Comedian Sara Silverman recently joined forces with bestselling authors Christopher Golden and Richard Kadrey against two unlikely adversaries: ChatGPT’s creator OpenAI and Meta Platforms.
The authors filed a copyright infringement lawsuit in early July in which they claim their copyrighted books were used without their permission as part of training dataset for ChatGPT and similar AI models.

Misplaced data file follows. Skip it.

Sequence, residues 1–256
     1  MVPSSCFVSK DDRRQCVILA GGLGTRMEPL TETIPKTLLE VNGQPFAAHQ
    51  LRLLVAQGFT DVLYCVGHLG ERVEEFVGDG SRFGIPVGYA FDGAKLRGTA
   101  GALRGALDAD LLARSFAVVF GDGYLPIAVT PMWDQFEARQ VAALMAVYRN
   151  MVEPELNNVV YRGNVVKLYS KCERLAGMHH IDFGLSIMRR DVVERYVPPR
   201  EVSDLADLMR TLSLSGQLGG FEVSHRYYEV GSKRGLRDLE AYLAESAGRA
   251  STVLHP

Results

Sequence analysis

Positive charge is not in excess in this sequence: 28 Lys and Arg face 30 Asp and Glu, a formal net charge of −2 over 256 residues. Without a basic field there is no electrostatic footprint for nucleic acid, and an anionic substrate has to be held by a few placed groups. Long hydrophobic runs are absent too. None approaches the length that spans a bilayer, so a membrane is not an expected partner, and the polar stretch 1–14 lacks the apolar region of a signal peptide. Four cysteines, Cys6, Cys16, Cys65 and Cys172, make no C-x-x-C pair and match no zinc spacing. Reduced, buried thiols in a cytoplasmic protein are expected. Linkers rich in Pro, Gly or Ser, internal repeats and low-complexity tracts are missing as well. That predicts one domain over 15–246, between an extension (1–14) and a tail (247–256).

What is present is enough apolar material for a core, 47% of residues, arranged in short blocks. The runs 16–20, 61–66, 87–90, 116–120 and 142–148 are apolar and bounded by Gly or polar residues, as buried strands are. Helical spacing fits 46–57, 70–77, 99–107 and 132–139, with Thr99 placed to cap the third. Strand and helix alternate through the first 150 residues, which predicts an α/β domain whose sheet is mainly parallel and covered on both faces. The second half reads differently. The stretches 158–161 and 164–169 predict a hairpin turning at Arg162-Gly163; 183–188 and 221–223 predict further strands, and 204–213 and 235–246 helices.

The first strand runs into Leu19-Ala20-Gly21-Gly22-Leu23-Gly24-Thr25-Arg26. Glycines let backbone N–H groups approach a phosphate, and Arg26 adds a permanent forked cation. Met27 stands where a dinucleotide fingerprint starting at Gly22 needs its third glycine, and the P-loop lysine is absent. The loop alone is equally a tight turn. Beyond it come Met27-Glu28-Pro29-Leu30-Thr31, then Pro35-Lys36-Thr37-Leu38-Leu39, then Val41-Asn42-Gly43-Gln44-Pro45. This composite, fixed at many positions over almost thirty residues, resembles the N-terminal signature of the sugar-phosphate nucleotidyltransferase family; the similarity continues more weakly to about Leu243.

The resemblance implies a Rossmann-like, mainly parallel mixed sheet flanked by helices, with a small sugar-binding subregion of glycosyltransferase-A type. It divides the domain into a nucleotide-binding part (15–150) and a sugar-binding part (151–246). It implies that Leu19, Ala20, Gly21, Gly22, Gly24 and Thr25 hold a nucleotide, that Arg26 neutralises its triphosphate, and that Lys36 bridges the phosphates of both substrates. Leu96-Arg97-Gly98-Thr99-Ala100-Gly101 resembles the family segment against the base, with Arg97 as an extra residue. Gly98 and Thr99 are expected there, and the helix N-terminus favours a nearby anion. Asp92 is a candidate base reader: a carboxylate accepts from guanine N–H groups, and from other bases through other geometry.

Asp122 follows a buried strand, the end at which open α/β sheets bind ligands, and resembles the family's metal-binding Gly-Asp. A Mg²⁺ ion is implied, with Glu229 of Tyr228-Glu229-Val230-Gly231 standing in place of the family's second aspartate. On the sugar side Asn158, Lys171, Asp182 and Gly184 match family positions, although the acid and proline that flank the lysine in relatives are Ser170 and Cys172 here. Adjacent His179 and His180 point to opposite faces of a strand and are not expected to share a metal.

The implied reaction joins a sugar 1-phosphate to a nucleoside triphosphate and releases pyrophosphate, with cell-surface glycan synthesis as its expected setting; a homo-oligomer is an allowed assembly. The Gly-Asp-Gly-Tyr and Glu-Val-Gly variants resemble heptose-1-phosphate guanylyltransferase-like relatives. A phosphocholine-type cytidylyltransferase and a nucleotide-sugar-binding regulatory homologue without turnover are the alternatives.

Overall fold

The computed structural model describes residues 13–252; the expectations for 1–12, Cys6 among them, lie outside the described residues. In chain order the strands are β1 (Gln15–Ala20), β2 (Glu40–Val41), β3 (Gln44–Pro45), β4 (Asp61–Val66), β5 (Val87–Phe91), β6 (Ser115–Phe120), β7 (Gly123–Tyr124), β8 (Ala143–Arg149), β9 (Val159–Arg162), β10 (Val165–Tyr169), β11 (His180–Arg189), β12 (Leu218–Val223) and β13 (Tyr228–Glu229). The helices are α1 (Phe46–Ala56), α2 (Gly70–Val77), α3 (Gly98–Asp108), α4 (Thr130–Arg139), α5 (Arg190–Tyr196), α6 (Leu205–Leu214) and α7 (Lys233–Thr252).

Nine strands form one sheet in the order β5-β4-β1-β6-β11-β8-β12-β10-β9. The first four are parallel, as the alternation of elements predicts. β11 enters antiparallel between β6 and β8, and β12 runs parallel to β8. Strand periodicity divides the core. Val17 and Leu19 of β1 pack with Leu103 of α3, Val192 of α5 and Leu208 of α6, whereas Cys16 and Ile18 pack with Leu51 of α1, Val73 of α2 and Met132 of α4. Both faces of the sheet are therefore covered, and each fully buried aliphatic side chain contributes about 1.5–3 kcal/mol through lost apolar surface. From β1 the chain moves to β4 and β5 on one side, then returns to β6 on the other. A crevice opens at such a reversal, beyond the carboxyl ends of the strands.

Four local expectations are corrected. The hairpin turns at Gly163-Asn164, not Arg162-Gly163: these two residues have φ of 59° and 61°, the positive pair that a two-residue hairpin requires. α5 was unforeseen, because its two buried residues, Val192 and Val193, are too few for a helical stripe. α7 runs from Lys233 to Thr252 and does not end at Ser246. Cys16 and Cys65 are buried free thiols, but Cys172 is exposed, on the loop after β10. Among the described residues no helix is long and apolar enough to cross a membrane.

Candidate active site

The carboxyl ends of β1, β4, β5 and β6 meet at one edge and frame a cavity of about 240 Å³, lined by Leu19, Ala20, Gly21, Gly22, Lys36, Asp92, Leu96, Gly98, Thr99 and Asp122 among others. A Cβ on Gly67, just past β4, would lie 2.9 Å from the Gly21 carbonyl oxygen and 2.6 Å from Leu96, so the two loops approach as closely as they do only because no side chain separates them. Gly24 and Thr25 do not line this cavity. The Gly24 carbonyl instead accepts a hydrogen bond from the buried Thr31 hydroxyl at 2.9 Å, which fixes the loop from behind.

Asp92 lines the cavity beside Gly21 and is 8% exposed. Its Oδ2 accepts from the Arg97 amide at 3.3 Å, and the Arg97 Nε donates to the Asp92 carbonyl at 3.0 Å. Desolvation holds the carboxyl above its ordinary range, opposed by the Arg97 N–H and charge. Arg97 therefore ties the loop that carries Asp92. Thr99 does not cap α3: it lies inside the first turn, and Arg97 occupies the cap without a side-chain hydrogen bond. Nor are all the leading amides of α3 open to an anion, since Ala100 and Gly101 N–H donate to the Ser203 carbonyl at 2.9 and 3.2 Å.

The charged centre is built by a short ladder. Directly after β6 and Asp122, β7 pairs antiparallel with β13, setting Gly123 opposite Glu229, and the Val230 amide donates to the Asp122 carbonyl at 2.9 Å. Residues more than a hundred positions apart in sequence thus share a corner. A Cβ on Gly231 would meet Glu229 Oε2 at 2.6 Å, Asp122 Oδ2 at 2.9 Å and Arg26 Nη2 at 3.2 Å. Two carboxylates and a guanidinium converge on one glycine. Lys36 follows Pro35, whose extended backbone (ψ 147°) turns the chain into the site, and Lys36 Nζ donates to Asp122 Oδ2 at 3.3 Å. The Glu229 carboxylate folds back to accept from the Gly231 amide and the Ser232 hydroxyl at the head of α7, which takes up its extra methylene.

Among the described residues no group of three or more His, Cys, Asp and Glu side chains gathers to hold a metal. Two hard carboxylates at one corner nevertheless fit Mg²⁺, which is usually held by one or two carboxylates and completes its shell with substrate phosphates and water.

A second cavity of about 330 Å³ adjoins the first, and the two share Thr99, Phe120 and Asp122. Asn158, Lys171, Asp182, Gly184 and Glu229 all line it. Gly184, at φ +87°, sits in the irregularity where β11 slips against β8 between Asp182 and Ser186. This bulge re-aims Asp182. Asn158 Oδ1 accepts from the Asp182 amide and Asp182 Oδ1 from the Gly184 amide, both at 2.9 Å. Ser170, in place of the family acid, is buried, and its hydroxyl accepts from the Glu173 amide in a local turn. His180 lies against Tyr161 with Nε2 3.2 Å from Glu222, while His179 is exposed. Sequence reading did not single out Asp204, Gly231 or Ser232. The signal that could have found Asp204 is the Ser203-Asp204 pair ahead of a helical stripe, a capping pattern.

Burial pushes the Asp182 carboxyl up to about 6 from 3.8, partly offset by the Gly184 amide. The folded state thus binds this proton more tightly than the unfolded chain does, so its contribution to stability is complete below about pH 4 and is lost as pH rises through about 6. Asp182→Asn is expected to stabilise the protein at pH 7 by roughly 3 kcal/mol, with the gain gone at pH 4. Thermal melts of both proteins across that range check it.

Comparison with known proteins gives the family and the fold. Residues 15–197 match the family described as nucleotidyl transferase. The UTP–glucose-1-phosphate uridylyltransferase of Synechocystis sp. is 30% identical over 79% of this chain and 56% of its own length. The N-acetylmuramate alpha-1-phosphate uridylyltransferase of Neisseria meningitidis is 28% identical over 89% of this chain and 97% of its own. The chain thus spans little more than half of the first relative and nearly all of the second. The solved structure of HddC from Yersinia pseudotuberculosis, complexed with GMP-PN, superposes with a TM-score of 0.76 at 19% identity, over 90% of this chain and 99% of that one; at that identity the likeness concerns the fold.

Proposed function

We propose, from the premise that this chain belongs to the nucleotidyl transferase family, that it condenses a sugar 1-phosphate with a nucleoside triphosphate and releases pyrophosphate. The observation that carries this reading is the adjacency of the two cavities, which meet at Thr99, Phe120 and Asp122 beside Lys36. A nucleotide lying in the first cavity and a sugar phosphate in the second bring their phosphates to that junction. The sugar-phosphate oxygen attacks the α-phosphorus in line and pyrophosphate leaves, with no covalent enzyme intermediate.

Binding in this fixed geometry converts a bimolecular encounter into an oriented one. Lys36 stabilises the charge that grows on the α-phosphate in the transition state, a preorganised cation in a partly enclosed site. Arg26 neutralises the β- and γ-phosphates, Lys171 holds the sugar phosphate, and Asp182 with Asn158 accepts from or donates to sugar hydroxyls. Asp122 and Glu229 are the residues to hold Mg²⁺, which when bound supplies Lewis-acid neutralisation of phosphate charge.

The outcome of this unfolding drama could be more than a simple courtroom win or loss; it could fundamentally redefine the boundaries of artificial intelligence and copyright law. Silverman’s case asks us to look closely at the fair use doctrine — a cornerstone of U.S. copyright law that permits a limited use of copyrighted material without acquiring permission from the rights’ holder. Read: Sarah Silverman’s ChatGPT lawsuit raises big questions for AI More: And thus the ChatGPT backlash has begun Here’s where things get murky and interesting. For a work to be included in the fair use category, it needs to meet several criteria: the purpose and character of the use; the nature of the copyrighted work; the amount and substantiality of the portion used and its effect on the market for the original work. The big question now is whether AI’s ingestion and processing of text for training purposes could be considered fair use. Furthermore, would AI’s utilization of the work be considered transformative, thereby providing a unique meaning or purpose to the original wo …